Kerry meets Swaraj trade on the agenda

New Delhi: The US Secretary of State John Kerry’s two-day Indo-US strategic dialogue begins with what can be seen as an increasing eagerness by the US to bolster ties with the South Asian nation.

Kerry, who arrived in India on Wednesday, met finance minister Arun Jaitley and external affairs minister Sushma Swaraj as he held meetings with the Narendra Modi government while seeking to reboot a relationship seen as a bulwark against a rising China.

The secretary of state is co-chairing the 5th India-US strategic dialogue with Sushma Swaraj on Thursday. The Dialogues attendees are senior representatives of various ministries including home and defence. Union Minister of State for Commerce (Independent charge) Nirmala Sitharaman is also participating in the Dialogue which will explore ways to strengthen bilateral business ties.

The two sides are keen to lock in “transformative initiatives” to make Modi’s September visit to the US result-oriented in spheres of energy, skill-development, defence and security. India will also take up the issue of NSA snooping with Kerry.

 Kerry however has already pointed out his main aim which is to press New Delhi to drop its opposition to global trade reforms and sign the pact with the July 31 deadline looming.

India threatens to block a worldwide reform of customs rules, saying it must be accompanied by a parallel agreement allowing developing countries more freedom to subsidise and stockpile food grains. This due to the large amount of its population relying on agriculture for sustenance. The country has stood defiant to the deal as it points out the negative impact on such a deal to the farmers of India, who are already under pressure with the lack of monsoon.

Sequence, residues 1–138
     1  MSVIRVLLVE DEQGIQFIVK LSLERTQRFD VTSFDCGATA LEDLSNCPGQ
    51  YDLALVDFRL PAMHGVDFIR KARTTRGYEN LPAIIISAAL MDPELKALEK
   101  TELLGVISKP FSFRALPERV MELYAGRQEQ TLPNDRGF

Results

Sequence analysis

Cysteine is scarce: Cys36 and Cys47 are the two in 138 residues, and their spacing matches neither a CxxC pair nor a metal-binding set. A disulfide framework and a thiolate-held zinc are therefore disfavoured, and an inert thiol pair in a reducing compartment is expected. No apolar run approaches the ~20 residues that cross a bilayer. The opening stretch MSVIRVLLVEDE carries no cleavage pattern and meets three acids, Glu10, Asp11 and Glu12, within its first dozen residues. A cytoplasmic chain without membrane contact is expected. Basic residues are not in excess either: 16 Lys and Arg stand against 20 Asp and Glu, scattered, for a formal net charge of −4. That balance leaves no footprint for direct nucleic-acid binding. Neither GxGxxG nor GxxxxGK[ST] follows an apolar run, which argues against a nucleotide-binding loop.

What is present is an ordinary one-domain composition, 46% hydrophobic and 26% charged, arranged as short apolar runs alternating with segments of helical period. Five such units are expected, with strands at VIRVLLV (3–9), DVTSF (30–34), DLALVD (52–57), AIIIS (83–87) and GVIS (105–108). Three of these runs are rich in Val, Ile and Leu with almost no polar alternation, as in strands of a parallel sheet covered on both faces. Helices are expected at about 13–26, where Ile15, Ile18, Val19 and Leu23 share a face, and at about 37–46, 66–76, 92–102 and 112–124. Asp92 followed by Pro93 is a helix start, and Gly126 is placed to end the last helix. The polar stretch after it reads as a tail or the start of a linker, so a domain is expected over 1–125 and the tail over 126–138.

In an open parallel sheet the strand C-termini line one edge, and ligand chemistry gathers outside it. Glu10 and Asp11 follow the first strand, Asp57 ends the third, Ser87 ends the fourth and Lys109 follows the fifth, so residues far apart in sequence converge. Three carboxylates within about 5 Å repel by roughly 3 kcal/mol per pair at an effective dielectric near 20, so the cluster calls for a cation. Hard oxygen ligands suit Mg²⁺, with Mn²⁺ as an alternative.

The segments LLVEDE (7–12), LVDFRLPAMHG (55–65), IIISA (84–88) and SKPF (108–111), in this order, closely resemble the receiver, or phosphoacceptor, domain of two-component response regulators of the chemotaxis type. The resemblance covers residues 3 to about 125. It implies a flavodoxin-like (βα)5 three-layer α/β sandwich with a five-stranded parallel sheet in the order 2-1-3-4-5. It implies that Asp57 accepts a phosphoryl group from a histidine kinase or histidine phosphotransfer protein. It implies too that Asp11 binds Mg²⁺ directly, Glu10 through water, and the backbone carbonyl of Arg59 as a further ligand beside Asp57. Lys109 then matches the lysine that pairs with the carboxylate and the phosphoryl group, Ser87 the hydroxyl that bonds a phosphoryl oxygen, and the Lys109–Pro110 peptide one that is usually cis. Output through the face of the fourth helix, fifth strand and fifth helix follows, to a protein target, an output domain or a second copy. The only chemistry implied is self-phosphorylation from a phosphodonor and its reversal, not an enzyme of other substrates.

Ministry of external affairs spokesperson Syed Akbaruddin said the scheduled meetings between Swaraj and Kerry are “expected to explore new frontiers”, “enhance convergences between the two countries” and also “explore transformative initiatives”.

While Kerry pushes India to sign the deal which the World Trade Organisation says could provide a trillion dollar stimulus to the global economy. “In this regard, as we work with our trading partners around the world, India must decide where it fits in the global trading system. Its commitment to a rules-based trading order and its willingness to fulfil its obligations will be a key indication,” Kerry said in an article in The Economic Times.

India and the US have already clashed at the WTO, with Washington saying Delhi’s 11th hour resistance could kill a deal that could create 21 million jobs.

The visit will see the first engagement with the government of Prime Minister Narendra Modi that took power in May promising to put India back on a high growth path.

So far, the new administration has moved slowly on reforms, and its hardening stance at the WTO suggests a more nationalist response on key issues than the Congress party’s centre-left government.

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